CLEVELAND HEIGHTS, Ohio — Due to public outcry and back by popular demand, City Council’s Community Relations and Recreation Committee will hold an online public meeting Thursday (April 15) at 7:15 p.m. to continue the discussion of fishing at Lower Shaker Lake.
The meeting comes in the wake of close to 100 emails received at last week’s council meeting, the overwhelming majority calling for the city to lift the fishing ban on its side of the lake, in order to allow the free stocking of bass and bluegill through a state program.
Meanwhile, the person claiming to be the “Anonymous Angler” who posted flyers around the drained lake urging public response on the issue has done some additional trolling, this time on the internet to the Sun Press, demanding that the people be heard.
“While (the Friends of Lower Lake) have done a fantastic job stewarding the flora and removing trash, their personal wish to ban fishing has overshadowed their ecological reasoning,” the still-anonymous writer said. “This lake does not belong to them, it does not belong to you, and it does not belong to me.
“It belongs to ALL of us, and on April 5, I heard nearly 90 voices ask for fishing in Lower Lake, and only 10 against,” the email continued. “The will of the people should not be thwarted by bureaucrats and special interest groups.”
There was also at least one vote for kayaking on Lower Lake, last week’s article failed to point out.
After last week’s Cleveland Heights council meeting, Friends of Lower Lake co-chairs Peggy Spaeth and John Barber sent a letter to Shaker Heights Mayor David Weiss and City Council there, citing “a tale of two cities, one lake, and different fishing policies.”
Spaeth and Barber commended city officials for not taking the Ohio Department of Natural Resources up on its offer to stock the lake, given the state of the dam and spillway that has led to Lower Lake being drained multiple times in recent years to re-fortify the 170-year-old infrastructure.
But they also asked the city to reconsider last year’s decision to update 2013 version of the Land Use and Management Plan for the Shaker Parklands by adding to the document a clause that states “Shaker Heights does not prohibit fishing on the south side of Lower Lake, pending a public use planning process.”
At the same time, Cleveland Heights has maintained its “no fishing” policy on the northern side of the lake, which City Parks and Recreation Director Joe McRae would like to see continued, citing additional reasons in an updated memo to council.
Those concerns include:
• The Shaker side of the lakefront being wider with a more natural layout that lends itself to fishing. “The Cleveland Heights side is more narrow, and does not have good access for fishing. The existing native vegetation will be trampled.”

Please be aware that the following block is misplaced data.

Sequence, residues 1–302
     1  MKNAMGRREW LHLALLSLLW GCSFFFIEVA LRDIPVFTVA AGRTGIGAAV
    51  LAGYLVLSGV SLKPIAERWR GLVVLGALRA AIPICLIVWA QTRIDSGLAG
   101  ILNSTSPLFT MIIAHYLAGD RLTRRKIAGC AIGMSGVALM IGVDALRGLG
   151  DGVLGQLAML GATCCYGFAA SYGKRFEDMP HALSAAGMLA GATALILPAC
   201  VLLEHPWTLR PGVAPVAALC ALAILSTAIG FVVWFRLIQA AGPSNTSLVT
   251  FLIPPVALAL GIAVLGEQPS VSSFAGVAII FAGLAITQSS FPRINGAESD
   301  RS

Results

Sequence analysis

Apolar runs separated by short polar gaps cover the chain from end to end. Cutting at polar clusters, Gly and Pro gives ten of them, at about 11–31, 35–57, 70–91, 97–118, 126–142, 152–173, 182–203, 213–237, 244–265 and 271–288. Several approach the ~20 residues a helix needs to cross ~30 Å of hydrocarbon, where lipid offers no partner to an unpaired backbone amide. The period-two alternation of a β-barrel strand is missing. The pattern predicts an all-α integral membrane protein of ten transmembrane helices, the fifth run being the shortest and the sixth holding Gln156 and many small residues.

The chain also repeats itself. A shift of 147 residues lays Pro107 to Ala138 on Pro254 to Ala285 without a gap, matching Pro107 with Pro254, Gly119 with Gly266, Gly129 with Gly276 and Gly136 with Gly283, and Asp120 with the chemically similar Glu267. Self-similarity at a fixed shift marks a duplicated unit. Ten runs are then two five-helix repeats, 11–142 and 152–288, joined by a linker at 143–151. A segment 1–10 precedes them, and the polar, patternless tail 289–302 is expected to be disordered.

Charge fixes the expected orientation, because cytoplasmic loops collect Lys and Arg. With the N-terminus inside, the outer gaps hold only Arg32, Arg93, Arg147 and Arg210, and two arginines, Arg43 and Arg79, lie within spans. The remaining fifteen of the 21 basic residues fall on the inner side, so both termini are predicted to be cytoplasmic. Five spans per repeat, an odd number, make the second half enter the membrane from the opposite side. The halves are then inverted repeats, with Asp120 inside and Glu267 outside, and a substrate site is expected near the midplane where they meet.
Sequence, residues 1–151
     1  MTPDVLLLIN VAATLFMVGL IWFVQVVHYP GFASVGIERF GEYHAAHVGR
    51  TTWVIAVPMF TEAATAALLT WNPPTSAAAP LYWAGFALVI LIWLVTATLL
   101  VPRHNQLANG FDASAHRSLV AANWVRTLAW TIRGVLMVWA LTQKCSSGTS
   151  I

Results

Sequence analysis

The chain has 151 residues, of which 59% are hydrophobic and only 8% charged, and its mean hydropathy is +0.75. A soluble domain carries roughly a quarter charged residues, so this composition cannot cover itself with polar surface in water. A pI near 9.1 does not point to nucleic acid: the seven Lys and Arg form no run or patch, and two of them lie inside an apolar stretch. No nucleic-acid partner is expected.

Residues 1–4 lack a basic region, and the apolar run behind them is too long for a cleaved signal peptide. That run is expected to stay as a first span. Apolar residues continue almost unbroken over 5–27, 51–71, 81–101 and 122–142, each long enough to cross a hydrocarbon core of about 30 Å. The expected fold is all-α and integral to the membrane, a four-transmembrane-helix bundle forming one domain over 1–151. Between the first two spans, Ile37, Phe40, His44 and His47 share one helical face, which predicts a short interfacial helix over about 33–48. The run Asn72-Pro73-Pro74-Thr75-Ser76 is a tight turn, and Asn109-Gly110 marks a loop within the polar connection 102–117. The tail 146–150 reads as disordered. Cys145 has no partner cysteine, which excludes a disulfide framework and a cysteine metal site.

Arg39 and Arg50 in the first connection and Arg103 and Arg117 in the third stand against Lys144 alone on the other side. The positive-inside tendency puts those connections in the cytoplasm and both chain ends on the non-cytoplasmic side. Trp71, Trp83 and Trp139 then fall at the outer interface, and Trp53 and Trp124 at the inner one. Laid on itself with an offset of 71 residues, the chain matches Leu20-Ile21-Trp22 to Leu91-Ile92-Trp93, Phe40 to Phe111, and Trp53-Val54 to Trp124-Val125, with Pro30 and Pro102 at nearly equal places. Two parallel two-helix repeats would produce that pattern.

• A possibly significant increase in litter that will be harmful to the environment and dangerous to walkers, kids, and pets (such as fish hooks). “ODNR will not have a daily presence to police this issue, and the city does not have the resources to do so.”
• Very limited parking. “Once the lake is stocked, there will be a significant increase in people coming there to fish, but no place for them to park on the north side. Parking on North Park Boulevard is not really safe from a traffic standpoint.
• Due to the pandemic, “there has been no public process to discuss this significant change that may impact residents on both sides of the lake.”
McRae added that “staff does not object to stocking the lake with fish for the environmental benefits. But fishing brings about other issues that must be considered and addressed in a way that is safe for the environment and safe for residents who also want to enjoy Lower Lake.”
In response to last week’s Sun Press article, the person claiming to have circulated the flyer disputed many of Spaeth and Barber’s contentions, arguing that as an “Audubon Important Bird Area,” there is no reason Lower Lake couldn’t have both.
“Virtually every designated site with water also has a robust fishing culture,” including Rocky River and the Chagrin River, the email stated, adding, “what do bald eagles and osprey eat? Fish. What are there none of in Lower Lake? Fish.”
The writer also countered claims from the Friends of Lower Lake, as well as those of Doan Brook Watershed Partnership Executive Director Victoria Mills that Lower Lake is currently too shallow and silty to sustain gamefish.
“This response betrays either a lack of ecological understanding or anti-fishing sentiment masquerading as ecology. Do they know fish better than the fisheries’ department of the ODNR?” the “Anonymous Angler” asked. “The habitat, water quality, and other ecological factors in Lower Lake make it suitable for such a goal. Additionally, carp ARE the main reason the lake is silty.”
While the writer maintains that a lake with a maximum depth of 6-8 feet will support other kinds of fish besides carp, Lower Lake’s current average depth on its western end (near the dam and Coventry Road) is about 6 feet.
However, “it appears that it’s around 2 feet (average depth) on the eastern end,” closer to the North Woodland Road bridge and the Nature Center at Shaker Lakes’ march, Jowett added.
Officials with the Nature Center and the ODNR could not be reached for comment prior to Thursday’s Cleveland Heights council committee meeting.
The troller also pointed out that fishing has a long history on Lower Lake, and now provides citizens with a responsible and enjoyable socially distanced activity during the stressful time of COVID-19.
“The concerns about ‘trash from fishermen’ are alarmist, overblown, and disguise an anti-sportsman bias,” the footnoted email stated.
Read more from the Sun Press.